Rotavirus infection is the major cause of severely dehydrating diarrhea in early childhood.
Rotavirus replicates in the epithelial (lining) cells of the intestine and is a cause of acute gastroenteritis (inflammation of the stomach and intestines) with diarrhea, particularly in infants.
Various strains also infect domestic and wild animals. Human infections tend to peak during the winter months.
Diarrhea is a major cause of illness in children - ages six months to two years. It is one of the most communicable diseases encountered and can be particularly devastating in situations where children congregate repeatedly. Daycare and nursery schools serve as a major reservoir of this condition.
In the U.S., rotaviruses are responsible for about 70,000 hospital admissions each year and over 100 deaths. Although the number of rotavirus-related fatalities in this country is low, the economic effect of rotaviral infections remains significant, due to the considerable amount of time lost from school and work.
Rotavirus and other gastrointestinal viruses spread efficiently via the fecal-oral route. The virus is shed in stool at very high concentrations before clincal illness and days after. Outbreaks are common in daycare centers.
Rotavirus infection typically starts with mild to moderate fever and vomiting, followed by the onset of watery stools. The fever and vomiting usually subside by day 2, but the diarrhea may continue for five to seven days. Dehydration may develop and progress rapidly, especially in infants.
In most cases, diagnosis is made on the basis of clinical findings and most commonly in the winter months. A commercial immunoassay (test) may be used to detect group A rotavirus and enteric adenovirus.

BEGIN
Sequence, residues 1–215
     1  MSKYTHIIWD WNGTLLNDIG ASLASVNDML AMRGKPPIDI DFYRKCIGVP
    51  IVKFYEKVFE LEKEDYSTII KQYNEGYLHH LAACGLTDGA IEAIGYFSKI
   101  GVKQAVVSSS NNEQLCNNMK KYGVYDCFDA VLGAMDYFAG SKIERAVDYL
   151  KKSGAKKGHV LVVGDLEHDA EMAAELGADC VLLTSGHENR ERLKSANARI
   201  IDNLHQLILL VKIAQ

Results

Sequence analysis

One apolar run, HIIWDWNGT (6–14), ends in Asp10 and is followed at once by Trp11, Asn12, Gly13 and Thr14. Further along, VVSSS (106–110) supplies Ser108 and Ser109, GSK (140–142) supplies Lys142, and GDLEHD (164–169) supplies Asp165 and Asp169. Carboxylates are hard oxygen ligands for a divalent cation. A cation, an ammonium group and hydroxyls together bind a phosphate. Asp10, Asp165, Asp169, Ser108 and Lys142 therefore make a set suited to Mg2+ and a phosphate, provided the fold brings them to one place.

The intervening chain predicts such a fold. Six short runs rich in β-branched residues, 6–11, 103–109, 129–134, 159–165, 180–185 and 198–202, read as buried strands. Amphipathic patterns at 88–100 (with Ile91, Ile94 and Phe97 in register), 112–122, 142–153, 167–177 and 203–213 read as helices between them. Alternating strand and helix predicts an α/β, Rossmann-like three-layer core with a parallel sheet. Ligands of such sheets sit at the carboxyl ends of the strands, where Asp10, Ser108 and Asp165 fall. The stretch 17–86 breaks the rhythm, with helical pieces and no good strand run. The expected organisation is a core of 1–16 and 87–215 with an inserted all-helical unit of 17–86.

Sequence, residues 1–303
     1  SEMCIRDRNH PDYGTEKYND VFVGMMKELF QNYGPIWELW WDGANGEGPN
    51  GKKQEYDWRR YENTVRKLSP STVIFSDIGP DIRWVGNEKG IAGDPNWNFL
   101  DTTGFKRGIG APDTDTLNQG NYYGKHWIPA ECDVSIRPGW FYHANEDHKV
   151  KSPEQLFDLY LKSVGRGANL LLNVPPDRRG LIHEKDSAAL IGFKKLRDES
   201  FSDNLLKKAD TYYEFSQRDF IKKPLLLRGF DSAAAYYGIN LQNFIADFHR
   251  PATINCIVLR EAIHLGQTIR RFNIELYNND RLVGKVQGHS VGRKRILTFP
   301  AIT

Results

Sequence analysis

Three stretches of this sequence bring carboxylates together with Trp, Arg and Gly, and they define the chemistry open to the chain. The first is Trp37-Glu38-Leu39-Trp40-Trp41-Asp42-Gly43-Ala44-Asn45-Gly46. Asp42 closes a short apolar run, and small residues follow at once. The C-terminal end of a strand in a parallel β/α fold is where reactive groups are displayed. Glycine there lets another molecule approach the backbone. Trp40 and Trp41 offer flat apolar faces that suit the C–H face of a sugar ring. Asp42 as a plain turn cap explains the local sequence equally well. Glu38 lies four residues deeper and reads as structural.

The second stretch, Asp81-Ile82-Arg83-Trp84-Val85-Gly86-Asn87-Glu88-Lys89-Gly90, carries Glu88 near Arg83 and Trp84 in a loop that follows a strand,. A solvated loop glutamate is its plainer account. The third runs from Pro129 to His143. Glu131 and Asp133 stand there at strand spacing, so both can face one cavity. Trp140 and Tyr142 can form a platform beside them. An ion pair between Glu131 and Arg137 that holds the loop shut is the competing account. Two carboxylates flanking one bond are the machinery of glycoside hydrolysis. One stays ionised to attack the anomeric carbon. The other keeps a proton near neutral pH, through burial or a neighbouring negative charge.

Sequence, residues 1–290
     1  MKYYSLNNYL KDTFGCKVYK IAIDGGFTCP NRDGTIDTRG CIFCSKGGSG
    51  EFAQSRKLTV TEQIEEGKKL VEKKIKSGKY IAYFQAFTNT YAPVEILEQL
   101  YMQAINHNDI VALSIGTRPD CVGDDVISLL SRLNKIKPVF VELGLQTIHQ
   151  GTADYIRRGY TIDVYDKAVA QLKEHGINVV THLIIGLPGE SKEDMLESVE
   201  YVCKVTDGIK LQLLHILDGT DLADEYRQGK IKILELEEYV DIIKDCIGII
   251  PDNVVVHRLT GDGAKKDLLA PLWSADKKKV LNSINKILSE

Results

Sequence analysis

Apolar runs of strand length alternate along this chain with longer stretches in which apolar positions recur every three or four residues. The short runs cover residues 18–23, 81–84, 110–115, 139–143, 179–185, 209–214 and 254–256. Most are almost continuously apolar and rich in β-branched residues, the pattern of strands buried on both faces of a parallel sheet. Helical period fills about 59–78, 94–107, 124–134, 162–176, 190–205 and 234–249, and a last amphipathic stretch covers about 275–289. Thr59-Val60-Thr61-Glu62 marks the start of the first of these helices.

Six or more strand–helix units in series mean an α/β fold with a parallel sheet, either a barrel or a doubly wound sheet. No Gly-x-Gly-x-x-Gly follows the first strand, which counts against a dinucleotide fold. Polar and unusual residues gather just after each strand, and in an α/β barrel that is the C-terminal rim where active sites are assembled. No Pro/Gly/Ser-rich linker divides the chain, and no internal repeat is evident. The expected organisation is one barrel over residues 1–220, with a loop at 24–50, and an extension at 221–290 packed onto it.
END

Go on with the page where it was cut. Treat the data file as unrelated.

Avoiding dehydration is the main goal. Another goal is maintaining the nutritional status of the patient.
Oral rehydration must include appropriate quantities of sodium and glucose to promote optimum absorption of fluid from the gut (e.g., Pedialyte). Clear liquids, such as flat soda, fruit juice and sports drinks are inappropriate for rehydration of young children with significant stool loss. Intravenous fluids may be required as well.
There is no clear role for drug treatment of viral gastroenteritis. (Antibiotics are used to treat bacterial infections, not viral infections.)
It is important that the child is seen by a physician for evaluation and treatment.
Are there any tests that need to be done to diagnose rotavirus versus some other disease?
What caused this condition?
How serious is the infection?
What are the complications with this disease?
What treatment will you be recommending?
What is RotaShield vaccine? What are the side effects?
The organism is difficult to eradicate by usual disinfectant methods. Disinfectants shown to kill bacteria will often not have an effect on the rotavirus. Hand washing is extremely important in containing spread, and should be practiced diligently.
A new and effective oral vaccine for the prevention of rotaviral gastroenteritis is now available (RotaShield). It is given by mouth to infants at the ages of two, four and six months. It has been shown to be effective in preventing dehydration and hospitalization. Talk with your doctor about whether or not this vaccine is appropriate for your child.